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Art. 14.–To find the tonnage of a ship. RULE.--Multiply the length of the keel by the breadth of the beam, and that product by the depth of the hold, and divide the last product by 95, and the quotient is the tonnage.

EXAMPLE.

Suppose a ship 72 feet by the keel, and 24 feet by the beam and '12 feet deep; what is the tonnage ?

72x21x12:95=218,2+tons. Ans.

RULE II.

Multiply the length of the keel by the breadth of the beam, and that product by half the breadth of the beam, and divide by 95.

EXAMPLE,

A ship 84 feet by the keel, 28 feet by the beam ; what is Die tonnage ? 84 x 28 x 14:95=350,29 tons. Ans. Art. 15.-- From the proof of any cable, to find the strength

of another.

Rule.—The strength of cables, and consequently the weights of their anchors, are as the cube of their periplcrics, Therefore ; As the cube of the periphery of any cable,

'Is to the weight of its anchor;
So is the cube of the periphery of any other cable,
To the weight of its anchor,

EXAMPLES.

1. If a cable 6 inches about, require an anchor of 21 cwt. of what weight must an anchor be for a 12 inch cable?

As 6 x6x6 : 21 cwt. : : 12 x 12 x 12 : 18 cut. Ans.

2. If a 12 inch cable require an anchor of 18 cwt. what must the circumference of a cable be, for an anchor of 21 cwt. ? cwt.

cwt. As 18 : 12 x 12 x 12 : : 2,25 : 216 216=6 Ans. ART. 16.-Having the dimensions of two similar built ships

of a different capacity, with the burthen of one of them, to find the burthen of the other.

in.

3

EXAMPLE.

OR

RULE.
The burthens of similar built ships are to each other, at

Makiply the cubes of their like dimensions.

By If a ship of 300 tons birthen be 75 feet long in the kcel,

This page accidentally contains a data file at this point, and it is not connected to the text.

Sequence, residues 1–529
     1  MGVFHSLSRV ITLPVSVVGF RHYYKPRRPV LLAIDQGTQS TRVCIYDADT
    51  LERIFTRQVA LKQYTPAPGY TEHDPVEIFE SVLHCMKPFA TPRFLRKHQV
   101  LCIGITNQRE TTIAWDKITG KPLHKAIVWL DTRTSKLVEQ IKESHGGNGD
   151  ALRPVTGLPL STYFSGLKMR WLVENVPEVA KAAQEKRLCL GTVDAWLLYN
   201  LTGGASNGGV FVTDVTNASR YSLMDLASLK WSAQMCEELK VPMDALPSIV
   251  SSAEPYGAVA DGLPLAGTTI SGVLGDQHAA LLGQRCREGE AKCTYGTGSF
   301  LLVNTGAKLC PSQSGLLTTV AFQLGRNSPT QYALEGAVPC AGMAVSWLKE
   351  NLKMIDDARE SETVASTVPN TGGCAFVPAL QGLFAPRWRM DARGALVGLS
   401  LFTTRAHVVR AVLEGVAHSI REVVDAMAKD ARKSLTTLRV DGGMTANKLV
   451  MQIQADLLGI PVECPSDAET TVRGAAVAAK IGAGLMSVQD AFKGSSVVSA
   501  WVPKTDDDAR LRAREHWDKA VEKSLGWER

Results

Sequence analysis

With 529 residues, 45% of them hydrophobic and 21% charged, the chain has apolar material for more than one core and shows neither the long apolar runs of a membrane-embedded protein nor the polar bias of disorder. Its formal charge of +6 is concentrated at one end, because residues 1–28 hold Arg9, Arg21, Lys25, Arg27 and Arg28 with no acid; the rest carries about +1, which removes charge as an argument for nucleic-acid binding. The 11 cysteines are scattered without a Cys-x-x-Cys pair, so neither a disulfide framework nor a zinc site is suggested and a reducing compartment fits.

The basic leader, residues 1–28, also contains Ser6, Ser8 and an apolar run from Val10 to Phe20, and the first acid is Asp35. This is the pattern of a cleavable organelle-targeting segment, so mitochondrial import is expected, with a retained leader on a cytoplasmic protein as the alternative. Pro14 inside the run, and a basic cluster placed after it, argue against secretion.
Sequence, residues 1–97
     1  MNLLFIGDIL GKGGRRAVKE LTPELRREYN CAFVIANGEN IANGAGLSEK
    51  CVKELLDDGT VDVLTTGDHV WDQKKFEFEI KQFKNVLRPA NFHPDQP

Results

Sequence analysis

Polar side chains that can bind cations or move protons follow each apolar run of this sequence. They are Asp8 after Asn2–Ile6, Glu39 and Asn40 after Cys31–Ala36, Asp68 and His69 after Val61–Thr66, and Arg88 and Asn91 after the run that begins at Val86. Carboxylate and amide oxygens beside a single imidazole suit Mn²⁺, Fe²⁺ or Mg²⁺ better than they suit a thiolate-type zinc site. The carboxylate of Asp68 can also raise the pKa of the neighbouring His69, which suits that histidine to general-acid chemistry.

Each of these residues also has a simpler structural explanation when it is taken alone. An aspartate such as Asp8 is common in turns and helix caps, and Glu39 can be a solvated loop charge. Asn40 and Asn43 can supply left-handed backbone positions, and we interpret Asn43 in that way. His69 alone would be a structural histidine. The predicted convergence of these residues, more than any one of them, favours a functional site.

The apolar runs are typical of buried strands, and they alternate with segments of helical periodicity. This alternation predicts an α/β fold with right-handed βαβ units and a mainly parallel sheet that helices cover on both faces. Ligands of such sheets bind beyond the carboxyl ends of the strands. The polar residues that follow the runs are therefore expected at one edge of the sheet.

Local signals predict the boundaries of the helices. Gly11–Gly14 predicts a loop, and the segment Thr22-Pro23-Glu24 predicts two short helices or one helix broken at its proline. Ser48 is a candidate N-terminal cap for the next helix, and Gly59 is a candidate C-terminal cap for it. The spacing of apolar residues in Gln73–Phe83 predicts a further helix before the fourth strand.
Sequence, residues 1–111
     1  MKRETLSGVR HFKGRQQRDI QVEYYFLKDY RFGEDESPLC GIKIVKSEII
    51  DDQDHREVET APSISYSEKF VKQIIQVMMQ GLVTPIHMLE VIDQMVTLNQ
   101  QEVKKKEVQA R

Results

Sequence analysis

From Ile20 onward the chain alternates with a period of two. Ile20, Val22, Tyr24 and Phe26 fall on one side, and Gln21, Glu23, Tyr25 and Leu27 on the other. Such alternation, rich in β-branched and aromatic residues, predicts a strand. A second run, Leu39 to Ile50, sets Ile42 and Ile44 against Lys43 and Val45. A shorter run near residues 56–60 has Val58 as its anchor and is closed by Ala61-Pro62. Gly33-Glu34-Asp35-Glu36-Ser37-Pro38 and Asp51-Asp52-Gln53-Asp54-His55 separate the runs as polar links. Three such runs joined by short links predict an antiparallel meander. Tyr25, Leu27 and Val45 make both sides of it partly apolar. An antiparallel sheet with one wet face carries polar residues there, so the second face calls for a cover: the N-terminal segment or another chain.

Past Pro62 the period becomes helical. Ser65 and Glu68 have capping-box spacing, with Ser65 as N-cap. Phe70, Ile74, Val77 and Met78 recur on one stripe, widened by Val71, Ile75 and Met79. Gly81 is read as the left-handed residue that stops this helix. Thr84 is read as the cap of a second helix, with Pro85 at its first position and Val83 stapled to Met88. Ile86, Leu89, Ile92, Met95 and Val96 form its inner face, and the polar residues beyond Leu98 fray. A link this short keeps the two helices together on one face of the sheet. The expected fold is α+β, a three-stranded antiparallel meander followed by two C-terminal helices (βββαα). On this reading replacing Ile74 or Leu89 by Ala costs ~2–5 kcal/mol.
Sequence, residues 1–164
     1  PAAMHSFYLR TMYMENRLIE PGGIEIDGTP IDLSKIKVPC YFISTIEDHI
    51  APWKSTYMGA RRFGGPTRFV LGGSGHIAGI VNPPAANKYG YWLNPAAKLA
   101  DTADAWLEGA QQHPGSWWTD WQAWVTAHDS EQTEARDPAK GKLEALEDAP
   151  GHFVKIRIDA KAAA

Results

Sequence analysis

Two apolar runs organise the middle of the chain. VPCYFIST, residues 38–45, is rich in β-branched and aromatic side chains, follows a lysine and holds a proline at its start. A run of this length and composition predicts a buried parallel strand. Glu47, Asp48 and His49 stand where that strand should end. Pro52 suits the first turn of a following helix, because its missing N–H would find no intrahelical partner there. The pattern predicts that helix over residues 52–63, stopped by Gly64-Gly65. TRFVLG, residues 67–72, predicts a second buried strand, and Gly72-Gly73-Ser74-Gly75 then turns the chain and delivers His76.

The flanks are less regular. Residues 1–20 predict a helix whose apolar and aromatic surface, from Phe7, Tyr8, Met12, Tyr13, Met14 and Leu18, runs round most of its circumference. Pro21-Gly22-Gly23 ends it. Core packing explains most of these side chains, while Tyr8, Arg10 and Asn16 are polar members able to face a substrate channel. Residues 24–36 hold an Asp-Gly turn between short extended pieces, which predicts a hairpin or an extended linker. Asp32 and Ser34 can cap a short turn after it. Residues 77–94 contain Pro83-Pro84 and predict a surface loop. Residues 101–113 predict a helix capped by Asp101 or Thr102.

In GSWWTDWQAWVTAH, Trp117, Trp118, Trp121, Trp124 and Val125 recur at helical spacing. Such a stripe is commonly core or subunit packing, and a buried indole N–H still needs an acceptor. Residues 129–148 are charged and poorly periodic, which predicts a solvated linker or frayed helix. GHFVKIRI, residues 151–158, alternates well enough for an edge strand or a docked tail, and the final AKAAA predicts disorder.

Product, I demand the burthen of another ship, whose keel is 100 feet long?

To cut.qrs. lb.
As 75X75X75:300 : : 100 x 100 x 100 :711 2 0 24+ Multiply

By
DUODECIMALS,

Product,
CROSS MULTIPLICATION,
IS a rule made use of by workmen and artificers in cast

F. ing up the contents of their work.

Multiply 9 RULE.

By

7 1. Under the mulplicand write the corresponding deno

67 minations of the multiplier.

2. Multiply each term into the multiplicand, beginning at the lowest, by the highest denomination in the multiplier and write the result of each under its respective term; ob

75 serving to carry an unit for every 12, from eache lower donomination to its next superior.

3. In the same manner multiply all the multiplicand ky Multiply 7 the inches, or second denomination, in the multiplier, and By set the result of each term one place removed to the righ: hand of those in the multiplicand.

Product, 58 4. Do the same with the seconds in the multiplier, setting the result of each term two places to the right hand of those in the multiplicand, &c.

By Duro

F. F.I. F.I. F.I. F.I.

16 Multiply 7 3

7 5

4 6 97 By

3 9 58 97

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and 2 feet

EXAMPLES.

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Ans. 37

Product, 33 2.9

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FEET, INCHES AND SECONDS.

F. I.
Multiply 9 8 6
Ву 7 93

(tiplior 67 II 6 =prod. by the feet in the muts 7 3 4 6

ditto by the inches. 2 5 1 6 Editto by the seconds.

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How many square feet in a board 16 feet 9 inches longt and 2 feet 3 inches wide ? By Duodecimals.

By Decimals.
F. l.

F. 1.
16 9

16 9-16,75 feet. 2 3

2 3-2,25 33 6

8375 4 23

3350

3350
Ans. 37 8 3

F. I.
Ans, 37,6876-87 88
T

A TABL

Ilow many

TO MEASURE LOADS OF WOOD. Rule.-Multiply the length by the breadth, and the product by the doptk or height, which will give the content in solid feet'; of which 64 make half a cord, and 128 a cord.

EXAMPLE